The Papua New Guinea opposition leader says a supreme court ruling that the state of emergency in Southern Highlands province was unconstitutional is the result of poor legal advice to the government.
The emergency provisions lapsed last week and an attempt by cabinet to re-establish it was successfully challenged by the province's governor, Hami Yawari.
The supreme court ruled yesterday that the government can only call a state of emergency if there is war, a natural disaster or total civil disorder, and that the situation in Southern Highlands, where some essential services were near collapse, did not warrant such a move.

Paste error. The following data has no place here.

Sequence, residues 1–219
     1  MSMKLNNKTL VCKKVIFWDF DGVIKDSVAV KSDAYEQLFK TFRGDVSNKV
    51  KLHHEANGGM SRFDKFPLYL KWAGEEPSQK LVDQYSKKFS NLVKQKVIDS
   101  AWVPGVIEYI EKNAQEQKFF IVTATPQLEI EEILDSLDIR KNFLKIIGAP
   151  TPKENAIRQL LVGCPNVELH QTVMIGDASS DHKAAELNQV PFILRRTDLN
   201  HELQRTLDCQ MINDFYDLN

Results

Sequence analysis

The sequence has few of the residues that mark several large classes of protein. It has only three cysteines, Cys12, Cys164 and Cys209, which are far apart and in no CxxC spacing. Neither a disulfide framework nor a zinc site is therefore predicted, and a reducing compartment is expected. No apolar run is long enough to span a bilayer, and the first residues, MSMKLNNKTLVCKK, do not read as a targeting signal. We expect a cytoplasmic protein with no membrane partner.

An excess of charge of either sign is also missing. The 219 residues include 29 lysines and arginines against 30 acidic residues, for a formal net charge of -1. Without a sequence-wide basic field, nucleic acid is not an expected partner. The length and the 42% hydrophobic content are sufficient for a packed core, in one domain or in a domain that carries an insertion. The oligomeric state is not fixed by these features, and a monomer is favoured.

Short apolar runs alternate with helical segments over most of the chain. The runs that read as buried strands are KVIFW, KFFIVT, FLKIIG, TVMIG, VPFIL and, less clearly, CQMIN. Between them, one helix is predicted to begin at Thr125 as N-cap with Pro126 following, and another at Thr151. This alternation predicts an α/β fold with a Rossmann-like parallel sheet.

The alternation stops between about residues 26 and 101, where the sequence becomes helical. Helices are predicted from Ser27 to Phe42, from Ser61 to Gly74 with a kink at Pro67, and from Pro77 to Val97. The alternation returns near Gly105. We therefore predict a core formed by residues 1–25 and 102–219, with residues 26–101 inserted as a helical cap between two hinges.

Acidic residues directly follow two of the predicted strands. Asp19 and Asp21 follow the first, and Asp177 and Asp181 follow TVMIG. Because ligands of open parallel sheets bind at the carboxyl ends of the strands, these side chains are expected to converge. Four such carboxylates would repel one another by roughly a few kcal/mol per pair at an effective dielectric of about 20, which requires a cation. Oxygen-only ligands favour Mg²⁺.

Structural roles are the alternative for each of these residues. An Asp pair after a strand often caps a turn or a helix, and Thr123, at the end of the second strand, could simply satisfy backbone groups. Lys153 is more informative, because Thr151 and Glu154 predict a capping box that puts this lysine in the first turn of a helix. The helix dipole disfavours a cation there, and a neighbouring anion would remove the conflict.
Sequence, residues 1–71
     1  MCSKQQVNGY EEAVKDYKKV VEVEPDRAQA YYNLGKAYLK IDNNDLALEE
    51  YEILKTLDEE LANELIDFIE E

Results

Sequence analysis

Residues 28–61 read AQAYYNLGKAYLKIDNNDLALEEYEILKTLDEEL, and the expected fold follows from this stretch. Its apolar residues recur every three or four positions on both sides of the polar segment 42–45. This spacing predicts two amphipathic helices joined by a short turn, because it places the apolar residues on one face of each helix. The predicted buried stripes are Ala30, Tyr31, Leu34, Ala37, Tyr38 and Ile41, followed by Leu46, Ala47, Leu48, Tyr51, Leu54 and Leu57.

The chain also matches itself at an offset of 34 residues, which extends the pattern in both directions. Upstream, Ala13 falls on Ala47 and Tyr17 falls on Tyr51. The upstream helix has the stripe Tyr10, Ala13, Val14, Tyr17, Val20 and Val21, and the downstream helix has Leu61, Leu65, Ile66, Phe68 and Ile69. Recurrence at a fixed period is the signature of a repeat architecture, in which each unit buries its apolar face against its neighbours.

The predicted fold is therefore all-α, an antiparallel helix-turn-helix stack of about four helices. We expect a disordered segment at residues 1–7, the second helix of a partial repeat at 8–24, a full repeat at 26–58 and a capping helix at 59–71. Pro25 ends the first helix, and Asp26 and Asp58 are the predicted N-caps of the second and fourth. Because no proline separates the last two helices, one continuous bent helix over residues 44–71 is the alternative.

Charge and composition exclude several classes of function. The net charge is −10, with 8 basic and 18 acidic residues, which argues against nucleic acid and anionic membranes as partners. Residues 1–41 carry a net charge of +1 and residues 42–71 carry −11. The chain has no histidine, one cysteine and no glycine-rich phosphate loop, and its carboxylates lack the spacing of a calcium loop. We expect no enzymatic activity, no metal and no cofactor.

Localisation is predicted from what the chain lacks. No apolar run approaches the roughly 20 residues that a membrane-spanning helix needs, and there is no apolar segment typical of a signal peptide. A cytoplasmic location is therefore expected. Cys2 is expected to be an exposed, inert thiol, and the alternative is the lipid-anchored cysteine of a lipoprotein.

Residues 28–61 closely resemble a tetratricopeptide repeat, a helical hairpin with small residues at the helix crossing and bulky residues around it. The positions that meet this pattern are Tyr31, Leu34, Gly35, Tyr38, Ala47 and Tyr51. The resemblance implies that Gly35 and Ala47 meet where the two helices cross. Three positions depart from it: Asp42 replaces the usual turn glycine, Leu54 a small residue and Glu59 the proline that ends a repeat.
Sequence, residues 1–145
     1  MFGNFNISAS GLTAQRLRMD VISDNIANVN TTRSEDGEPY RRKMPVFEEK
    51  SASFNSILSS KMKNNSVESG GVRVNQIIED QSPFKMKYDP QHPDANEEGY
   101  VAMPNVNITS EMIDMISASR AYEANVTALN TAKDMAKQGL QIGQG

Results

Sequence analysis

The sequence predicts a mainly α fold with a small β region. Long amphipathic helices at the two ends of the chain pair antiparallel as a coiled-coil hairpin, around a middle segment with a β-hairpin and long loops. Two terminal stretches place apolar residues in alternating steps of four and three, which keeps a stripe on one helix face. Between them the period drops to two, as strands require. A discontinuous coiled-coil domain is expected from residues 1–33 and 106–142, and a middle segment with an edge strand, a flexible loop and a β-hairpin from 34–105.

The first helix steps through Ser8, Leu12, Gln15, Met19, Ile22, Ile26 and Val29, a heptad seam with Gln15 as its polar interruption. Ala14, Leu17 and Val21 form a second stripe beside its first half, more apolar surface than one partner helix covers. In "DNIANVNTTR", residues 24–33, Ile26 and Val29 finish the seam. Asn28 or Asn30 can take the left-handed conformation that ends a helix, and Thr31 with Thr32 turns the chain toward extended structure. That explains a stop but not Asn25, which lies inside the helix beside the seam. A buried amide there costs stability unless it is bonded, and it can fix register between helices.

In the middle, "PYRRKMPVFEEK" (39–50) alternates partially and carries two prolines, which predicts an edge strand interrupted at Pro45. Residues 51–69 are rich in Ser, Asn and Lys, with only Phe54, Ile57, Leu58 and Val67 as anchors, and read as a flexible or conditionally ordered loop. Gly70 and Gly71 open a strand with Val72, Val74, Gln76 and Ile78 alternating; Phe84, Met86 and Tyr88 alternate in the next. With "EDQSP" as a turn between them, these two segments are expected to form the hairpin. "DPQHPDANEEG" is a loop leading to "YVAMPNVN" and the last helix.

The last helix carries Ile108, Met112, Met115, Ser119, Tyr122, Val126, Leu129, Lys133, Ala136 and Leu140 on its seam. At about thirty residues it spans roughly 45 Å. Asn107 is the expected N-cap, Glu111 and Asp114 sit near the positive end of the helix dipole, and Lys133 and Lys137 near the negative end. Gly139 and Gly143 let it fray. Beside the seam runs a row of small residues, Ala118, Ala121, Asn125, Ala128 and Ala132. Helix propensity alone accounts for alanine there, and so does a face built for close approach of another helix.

The opposition leader, Peter O'Neill, who is one of the province's nine MPs, says an emergency declaration was justified but the government had received substandard advice from the attorney general's office.
"And it goes to show the reflection of the ability of the state lawyers. There is sufficient evidence on the ground to suggest that a state of emergency is warranted because of the increasing law and order situation there."